“The first thing that we did was to close down – over the course of a year – twenty-two power plants which were no longer competitive or efficient. But it doesn’t stop there. Innovation has also and above all been internal. For example, our CEO, Francesco Starace, has sent all top management, including himself, to study innovation twelve hours a day at the University of Harvard. He chose to transform the company beginning with management. And he was right to do so. If you don’t start from the top, nothing happens down below.”


And what were the results?

“The results were immediately evident. In 2015, we appeared on Fortune’s list (Change the World) ranking fifth for our efforts towards changing humanity. The list is based on two parameters regarding innovation and two regarding sustainability. We come right after Vodafone, Google, Toshiba and Wall Mart. In 2016, Bloomberg placed ENEL among the fifty companies to keep an eye on. These two acknowledgements confirm we are on the right path. However, we still have a lot to do.”


These rankings are great, but more needs to be done. What do you still need to do?

“We have to face two or three big problems and try to resolve them. One of these is access to energy. 1.2 billion people across the world do not have access to energy and another billion have unstable access. In order to overcome this problem, we are focusing on low-cost renewable solutions that allow energy to be taken all over the place. We are working with big players such as Google X (Google’s research centre), Tesla, Toshiba and others. We want to innovate with these partners practically, regardless of their location.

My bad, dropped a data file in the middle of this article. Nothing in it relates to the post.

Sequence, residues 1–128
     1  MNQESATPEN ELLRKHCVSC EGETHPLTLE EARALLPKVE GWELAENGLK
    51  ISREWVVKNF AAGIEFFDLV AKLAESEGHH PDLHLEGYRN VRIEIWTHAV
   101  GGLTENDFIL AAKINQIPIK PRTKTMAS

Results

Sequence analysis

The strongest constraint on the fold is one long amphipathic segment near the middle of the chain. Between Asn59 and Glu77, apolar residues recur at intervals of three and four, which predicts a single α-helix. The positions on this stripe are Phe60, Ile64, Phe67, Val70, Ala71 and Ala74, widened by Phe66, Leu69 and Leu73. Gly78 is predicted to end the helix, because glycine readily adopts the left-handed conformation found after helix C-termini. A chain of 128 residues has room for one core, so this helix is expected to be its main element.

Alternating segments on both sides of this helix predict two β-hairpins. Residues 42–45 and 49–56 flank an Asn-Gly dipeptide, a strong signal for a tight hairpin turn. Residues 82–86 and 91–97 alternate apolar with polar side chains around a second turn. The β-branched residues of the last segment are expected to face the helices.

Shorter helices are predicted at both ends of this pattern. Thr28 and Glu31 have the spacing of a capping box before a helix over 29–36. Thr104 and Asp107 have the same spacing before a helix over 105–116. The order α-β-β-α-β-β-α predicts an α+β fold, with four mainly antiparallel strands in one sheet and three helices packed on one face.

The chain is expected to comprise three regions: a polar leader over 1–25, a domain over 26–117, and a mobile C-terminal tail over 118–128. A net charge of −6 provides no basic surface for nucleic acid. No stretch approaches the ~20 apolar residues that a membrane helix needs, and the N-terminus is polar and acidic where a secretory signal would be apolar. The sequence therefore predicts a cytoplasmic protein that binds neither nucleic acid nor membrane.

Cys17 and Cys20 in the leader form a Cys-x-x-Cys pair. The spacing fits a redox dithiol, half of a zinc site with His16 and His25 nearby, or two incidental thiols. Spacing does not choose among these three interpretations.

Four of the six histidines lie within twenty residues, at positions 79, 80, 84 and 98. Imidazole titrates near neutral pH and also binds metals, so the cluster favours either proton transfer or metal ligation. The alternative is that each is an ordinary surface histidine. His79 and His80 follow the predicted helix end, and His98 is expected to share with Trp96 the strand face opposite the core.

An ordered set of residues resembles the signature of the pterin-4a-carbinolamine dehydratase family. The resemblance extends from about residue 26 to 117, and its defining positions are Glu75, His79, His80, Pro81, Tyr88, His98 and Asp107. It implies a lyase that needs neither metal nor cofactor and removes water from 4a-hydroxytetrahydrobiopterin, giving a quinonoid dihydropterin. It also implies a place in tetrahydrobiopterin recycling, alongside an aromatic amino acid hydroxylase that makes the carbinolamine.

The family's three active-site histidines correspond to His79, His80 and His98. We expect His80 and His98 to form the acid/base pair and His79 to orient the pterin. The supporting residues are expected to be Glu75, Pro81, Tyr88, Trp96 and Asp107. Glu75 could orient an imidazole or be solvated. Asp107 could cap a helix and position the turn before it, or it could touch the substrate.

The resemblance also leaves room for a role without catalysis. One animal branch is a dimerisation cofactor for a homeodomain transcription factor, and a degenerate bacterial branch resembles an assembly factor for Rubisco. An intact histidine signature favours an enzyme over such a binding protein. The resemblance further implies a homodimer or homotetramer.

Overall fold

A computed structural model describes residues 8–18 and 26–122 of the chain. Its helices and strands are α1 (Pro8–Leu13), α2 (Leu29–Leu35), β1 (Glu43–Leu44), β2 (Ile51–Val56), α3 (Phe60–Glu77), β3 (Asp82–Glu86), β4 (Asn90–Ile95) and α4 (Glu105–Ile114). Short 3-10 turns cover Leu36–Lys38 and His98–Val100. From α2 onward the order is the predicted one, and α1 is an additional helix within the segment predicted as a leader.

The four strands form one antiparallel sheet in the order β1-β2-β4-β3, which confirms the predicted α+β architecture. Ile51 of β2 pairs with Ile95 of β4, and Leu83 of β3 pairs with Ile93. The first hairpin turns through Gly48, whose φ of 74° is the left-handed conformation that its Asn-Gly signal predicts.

“Another matter is electro-mobility. We are working with Nissan to make electric cars into ‘moving batteries.’ So, in Denmark, electric cars, once hooked up to charging posts, are able to stabilise the grid, without emitting CO2 and without needing new static batteries, but using the car’s batteries. We are the first in the world to do this and, in 2017, we will develop the system in Germany and also in the United Kingdom, getting a great deal of attention from local decision makers that are driving implementing ‘distributed battery’ technology. We are talking about a niche of 20,000 cars in the United Kingdom and in Denmark, but when we have finished, with a million electric cars, we could do all the balancing without involving power plants. All this entails greater speed and efficiency in terms of response times and the advantage that the batteries are more flexible, perform better and enables the use of a greater amount of renewables in the grid. This innovative aspect of the sharing economy combines distributed generation and smart cities, in an unprecedented union. The user owns the battery, shares it with the grid manager and is paid for this service. Our objective is to offer car drivers zero-cost electricity in exchange for using the battery. Grid services will also have a higher value than that of the electricity supplied for charging, allowing us to maintain good margins.”